Pumping Stations to Fight Flooding in Ocean City’s North End Neighborhoods

Pumping Stations to Fight Flooding in Ocean City’s North End Neighborhoods

2906
SHARE
Donna and Bob Buker are waiting for the city to build pumping stations in their flood-prone neighborhood.

By Donald Wittkowski

Donna Buker said a rainstorm last Thursday lasted only 30 minutes, but swamped the streets around her home at Seventh Street and Moore Avenue with about a foot of water.

Although that much storm water would be extraordinary for most areas, it was hardly an aberration in Buker’s flood-prone neighborhood close to the bay in the north end of town, she explained.

“Our house was built in 2006. The flooding has gotten increasingly worse since then,” she said.

On Thursday night, Buker and her husband, Bob, appeared before City Council to plead for help from the flood waters. It appears they will get it. Mayor Jay Gillian assured them the city is moving ahead with designs for a series of pumping stations in the north end to ease the perennial flooding.

“I sympathize with everybody in those areas of town. If you live there, you know it needs to be done,” Gillian said, referring to the flood-control project.

The city had originally proposed building one massive pumping station on Sixth Street to handle the flooding, but backed off after the estimated cost came in about three times the project’s budget, the mayor said.

Mayor Gillian and Dottie.4
Mayor Jay Gillian, pictured with City Solicitor Dorothy McCrosson, explained that the north end flood-control project is being redesigned.

Neighbors also objected to the original designs. They complained about the prospect of huge amounts of water being channeled down Sixth Street through a single outfall pipe to the bay. Gillian acknowledged that part of the plan would have been “overkill.”

After studying the project further, city officials decided it would be better – and more affordable – to instead build a series of smaller pumping stations strategically located in the north end to get rid of flood waters.

“We can get more done, with less money, by redesigning it,” Gillian said.

The city expects to accept bids for the project this summer and start construction in the fall. At a town hall meeting in 2015, city officials estimated the cost would be $8.7 million. A $5 million grant from the Federal Emergency Management Agency will help pay for construction.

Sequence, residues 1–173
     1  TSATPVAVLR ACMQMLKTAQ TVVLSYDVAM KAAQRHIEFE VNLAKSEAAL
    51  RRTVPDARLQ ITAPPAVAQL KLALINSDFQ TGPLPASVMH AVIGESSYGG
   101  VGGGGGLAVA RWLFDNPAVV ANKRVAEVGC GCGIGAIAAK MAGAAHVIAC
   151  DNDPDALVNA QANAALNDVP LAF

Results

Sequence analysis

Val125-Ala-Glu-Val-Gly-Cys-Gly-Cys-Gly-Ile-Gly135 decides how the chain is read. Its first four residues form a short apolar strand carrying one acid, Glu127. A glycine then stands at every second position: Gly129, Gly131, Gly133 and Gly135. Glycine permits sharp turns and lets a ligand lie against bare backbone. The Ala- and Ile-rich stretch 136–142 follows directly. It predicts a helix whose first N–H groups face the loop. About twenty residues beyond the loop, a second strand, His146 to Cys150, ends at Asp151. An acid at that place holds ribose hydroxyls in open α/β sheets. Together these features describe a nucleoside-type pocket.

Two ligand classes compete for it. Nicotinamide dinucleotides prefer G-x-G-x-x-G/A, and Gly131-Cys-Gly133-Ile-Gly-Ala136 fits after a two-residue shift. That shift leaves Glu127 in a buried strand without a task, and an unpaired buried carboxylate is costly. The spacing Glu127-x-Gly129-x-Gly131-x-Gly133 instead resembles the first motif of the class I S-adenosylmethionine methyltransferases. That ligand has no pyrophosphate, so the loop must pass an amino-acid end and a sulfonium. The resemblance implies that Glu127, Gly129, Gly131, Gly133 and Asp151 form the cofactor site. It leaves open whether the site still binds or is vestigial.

The redesign, though, has delayed the project. Councilman Keith Hartzell said everyone is anxious to get construction started.

“Hopefully, the delay will be well worth it for everybody,” Hartzell said. “We’re definitely focused on it.”

The city also wants to build new bulkheads in the north end of town to help prevent flooding, although they would come later on, Gillian said.

First Ward Councilman Michael DeVlieger, who represents the north end, said the city should pursue plans for the new bulkheads on a “parallel track” with the pumping project.

“It’s like spitting into the wind. It’s going to come back at you if don’t have a bulkhead,” DeVlieger said of the flood waters.

Council 4-13-17.4
City Council members listen to the mayor’s remarks about plans for a series of strategically located pumping stations in the north end of town.

The city will use a similar flood-control project completed in 2014 for the Merion Park neighborhood as a model for the north end pumping stations. Multiple pumping stations are also being built as part of a $6.6 million road and drainage project that began this week in flood-prone neighborhoods between 26th and 34th streets.

Donna and Bob Buker, meanwhile, said that if they don’t get some relief from the flooding in their neighborhood, they will probably be forced to move out.

“We love our home. We love our neighbors. We don’t want to move out. But we are entertaining that idea if the flooding continues,” Donna Buker said. “We would be so happy to go to sleep at night and not have to worry about it raining. I would be so happy to get some remediation.”

After dealing with so much flooding over the past 10 years, Buker grimly noted that she and her husband “live by the tide.”

“When we get storms, you have to hope that you have enough time to get your car out, or you pray that the water doesn’t come up on you,” she said.